In 2002, the University of Michigan Press published Rodney Merrill's translation of "Homer's Odyssey", a version of the classic that was unique in employing dactylic hexameter, the meter of Homer's original. Merrill has now produced an edition of "Homer's Iliad", following the same approach. This form of rendering is particularly relevant to the Iliad, producing a strong musical setting which many elements of the narrative required to come truly to life. Most notable are the many battle scenes, to which the strong meter gives an impetus embodying and making credible the "war-lust" in the deeds of the combatants.
"Other competent translations of Homer exist, but none accomplish what Merrill aims for: to convey to the reader-listener in translation the meaning and the sounds of Homer, coming as close as possible to the poetry of the original. Merrill accomplishes this virtuosic achievement by translating Homer's Greek into English hexameters, a process requiring not only a full understanding of the original Greek, but also an unusual mastery of the sounds, rhythms, and nuances of English." - Stephen G. Daitz, Professor Emeritus of Classics, City University of New York "Undaunted by the common conception that dactyls in English are difficult, [Mer rill] chose to render the Odyssey in the poet's own meter and succeeded surprisingly well. His version is both accurate and pleasant to the ear." - Choice"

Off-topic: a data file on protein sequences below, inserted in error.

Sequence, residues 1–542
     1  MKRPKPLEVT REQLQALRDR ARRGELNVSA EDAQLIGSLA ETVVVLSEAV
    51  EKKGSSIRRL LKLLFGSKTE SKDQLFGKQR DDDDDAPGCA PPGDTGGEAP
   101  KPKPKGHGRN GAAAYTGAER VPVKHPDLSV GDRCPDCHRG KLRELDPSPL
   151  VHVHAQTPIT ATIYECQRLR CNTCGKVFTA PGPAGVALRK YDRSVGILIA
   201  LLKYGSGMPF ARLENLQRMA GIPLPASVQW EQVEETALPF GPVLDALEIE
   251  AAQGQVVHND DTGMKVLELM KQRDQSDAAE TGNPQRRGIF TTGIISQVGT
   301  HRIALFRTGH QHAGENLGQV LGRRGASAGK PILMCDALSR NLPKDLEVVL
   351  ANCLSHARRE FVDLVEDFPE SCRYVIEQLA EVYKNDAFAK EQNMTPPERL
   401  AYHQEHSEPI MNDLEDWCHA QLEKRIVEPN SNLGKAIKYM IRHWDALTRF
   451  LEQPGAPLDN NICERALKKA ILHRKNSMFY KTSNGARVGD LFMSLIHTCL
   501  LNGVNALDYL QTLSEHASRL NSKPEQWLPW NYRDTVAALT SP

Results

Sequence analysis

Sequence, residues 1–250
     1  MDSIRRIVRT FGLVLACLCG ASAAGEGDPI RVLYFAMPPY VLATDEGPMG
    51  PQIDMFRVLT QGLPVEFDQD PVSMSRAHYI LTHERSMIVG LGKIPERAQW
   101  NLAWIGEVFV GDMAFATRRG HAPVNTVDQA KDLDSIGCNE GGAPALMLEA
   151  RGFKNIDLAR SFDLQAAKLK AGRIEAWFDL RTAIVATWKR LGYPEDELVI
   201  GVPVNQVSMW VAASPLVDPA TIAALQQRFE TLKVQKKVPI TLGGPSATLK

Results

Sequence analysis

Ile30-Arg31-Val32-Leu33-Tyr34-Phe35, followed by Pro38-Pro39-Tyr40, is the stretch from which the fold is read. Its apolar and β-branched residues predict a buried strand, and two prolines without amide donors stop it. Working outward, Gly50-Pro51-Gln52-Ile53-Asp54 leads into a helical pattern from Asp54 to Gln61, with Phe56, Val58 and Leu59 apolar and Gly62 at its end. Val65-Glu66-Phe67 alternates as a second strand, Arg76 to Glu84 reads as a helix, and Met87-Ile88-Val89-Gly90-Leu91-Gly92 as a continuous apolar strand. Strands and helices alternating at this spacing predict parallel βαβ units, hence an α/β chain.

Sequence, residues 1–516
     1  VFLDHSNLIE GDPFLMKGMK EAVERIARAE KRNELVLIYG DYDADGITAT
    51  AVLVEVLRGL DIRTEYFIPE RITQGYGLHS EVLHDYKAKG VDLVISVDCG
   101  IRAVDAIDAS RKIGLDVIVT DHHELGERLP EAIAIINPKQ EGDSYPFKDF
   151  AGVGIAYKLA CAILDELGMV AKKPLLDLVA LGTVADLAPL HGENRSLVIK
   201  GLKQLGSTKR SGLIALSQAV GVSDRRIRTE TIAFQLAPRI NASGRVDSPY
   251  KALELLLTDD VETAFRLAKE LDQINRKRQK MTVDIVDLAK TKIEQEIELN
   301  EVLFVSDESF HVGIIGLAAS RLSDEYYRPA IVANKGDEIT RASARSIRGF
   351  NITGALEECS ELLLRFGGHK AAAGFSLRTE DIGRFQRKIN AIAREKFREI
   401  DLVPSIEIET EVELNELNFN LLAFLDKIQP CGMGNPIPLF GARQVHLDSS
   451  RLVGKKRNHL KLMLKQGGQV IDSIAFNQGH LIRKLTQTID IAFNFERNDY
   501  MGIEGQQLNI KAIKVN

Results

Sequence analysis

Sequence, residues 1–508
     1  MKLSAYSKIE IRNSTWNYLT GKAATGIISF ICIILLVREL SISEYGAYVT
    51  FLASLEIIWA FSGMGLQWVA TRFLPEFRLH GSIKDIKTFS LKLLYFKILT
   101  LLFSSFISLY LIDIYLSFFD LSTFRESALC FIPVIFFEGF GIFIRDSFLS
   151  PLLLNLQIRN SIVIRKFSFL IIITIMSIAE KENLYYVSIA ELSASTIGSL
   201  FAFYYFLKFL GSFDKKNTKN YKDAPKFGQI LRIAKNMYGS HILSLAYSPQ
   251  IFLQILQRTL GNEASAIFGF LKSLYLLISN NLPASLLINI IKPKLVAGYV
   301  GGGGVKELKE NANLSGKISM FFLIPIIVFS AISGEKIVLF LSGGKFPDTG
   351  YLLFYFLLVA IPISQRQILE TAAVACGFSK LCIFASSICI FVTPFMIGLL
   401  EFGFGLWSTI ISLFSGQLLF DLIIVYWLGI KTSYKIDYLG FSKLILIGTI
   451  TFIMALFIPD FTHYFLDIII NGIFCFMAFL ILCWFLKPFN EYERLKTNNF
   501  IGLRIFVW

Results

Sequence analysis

For many years, until his retirement, Rodney Merrill taught English composition and comparative literature at Stanford and Berkley. In addition to his translation of Homer's Odyssey, he is the author of Chaucer's Broche of Thebes.